This murder occurs only two months after three others working with Cormacarena were attacked on the road. The three individuals were moving from the La Julia sector to the El Divisó village, in the rural area of the Uribe municipality in Meta, and were approached by armed individuals who they stole their belongings and burned the truck they were traveling in. They survived with their lives after the police and army intervened.

Another environmental defender sentenced to death

Javier Francisco Parra Cubillos, or ‘Pacho’ as his friends and colleagues called him, worked as regional coordinator of the Corporation for the Sustainable Development of the La Macarena Special Management Area (Cormacarena).

Parra was 47 years old and had been working with the environmental authority for 20 years. He was known in the area for his defense of the ecosystems of the municipality and he became a true promoter and defender of natural resources. Even at the beginning of this year, he was one of the officials who was in charge of the control of a great fire that threatened to destroy Caño Cristales, one of the most representative ecotourism sites in Meta and Colombia.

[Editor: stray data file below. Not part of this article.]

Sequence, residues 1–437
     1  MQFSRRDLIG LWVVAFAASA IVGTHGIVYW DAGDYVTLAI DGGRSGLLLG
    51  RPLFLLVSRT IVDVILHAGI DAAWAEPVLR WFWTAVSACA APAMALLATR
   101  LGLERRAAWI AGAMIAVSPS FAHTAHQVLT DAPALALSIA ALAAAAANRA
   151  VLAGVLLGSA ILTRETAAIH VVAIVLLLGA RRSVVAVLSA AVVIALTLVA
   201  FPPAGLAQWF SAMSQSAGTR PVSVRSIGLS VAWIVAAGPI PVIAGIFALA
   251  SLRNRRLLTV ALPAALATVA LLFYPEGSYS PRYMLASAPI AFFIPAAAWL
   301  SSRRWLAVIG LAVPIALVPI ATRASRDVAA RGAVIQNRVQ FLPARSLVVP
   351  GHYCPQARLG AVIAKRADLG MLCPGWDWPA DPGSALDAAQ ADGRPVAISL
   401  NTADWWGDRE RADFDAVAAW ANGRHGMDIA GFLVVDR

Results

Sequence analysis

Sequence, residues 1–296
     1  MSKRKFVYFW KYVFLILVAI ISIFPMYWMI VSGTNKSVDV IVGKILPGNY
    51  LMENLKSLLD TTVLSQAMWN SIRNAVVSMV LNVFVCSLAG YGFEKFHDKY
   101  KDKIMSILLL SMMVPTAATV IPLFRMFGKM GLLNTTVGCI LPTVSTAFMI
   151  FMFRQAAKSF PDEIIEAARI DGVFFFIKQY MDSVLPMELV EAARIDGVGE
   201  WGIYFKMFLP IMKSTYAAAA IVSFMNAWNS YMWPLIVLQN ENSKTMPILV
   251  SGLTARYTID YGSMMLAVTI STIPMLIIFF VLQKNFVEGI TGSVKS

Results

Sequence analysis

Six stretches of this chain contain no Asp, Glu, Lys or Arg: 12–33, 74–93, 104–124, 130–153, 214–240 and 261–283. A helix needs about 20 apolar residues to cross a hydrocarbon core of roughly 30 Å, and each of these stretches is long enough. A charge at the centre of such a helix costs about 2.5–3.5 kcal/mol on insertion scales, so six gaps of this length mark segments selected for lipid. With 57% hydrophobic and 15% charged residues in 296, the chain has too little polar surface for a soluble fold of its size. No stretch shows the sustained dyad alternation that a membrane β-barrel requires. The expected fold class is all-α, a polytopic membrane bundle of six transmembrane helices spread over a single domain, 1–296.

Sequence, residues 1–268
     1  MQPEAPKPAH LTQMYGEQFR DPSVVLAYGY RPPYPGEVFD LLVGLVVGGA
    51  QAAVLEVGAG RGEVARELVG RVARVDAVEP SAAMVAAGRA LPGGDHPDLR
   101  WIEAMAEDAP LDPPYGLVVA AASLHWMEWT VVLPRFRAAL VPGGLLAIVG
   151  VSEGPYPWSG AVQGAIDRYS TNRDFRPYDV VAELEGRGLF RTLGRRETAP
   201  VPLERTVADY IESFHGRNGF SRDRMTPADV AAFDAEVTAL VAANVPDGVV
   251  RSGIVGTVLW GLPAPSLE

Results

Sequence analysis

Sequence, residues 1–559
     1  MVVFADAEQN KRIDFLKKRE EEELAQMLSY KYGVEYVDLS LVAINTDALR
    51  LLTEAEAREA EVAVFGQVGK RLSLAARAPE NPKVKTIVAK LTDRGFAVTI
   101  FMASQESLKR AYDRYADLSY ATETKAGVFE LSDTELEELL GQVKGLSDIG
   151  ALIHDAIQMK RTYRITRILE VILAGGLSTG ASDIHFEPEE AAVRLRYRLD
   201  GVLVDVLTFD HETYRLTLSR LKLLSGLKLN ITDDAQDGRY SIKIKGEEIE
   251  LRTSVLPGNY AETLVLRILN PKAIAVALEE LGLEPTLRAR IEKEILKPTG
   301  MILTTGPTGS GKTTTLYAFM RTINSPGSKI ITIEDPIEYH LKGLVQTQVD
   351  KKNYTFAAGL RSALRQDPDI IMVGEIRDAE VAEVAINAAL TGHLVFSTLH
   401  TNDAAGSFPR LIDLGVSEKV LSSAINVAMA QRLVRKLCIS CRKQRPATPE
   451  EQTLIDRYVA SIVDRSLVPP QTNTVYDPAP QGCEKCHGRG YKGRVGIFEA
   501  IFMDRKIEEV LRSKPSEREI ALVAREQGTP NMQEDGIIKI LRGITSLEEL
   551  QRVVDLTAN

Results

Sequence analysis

The director of Cormacarena, Andrés Felipe García Céspedes, said he deeply regrets the death of “this exemplary and hard-working man, who more than being an official became a true promoter and staunch defender of the department’s natural resources.” García also sent a message of condolence to Parra’s wife, their two children and other relatives.

“This is an affront against the National Environmental System [SINA], it is painful to know these types of events that attack the officials and collaborators of the corporations that defend the environment and work for the sustainable development of the country,” said Ramón Leal, director of ASOCARS, the association that brings together all the regional autonomous corporations of Colombia.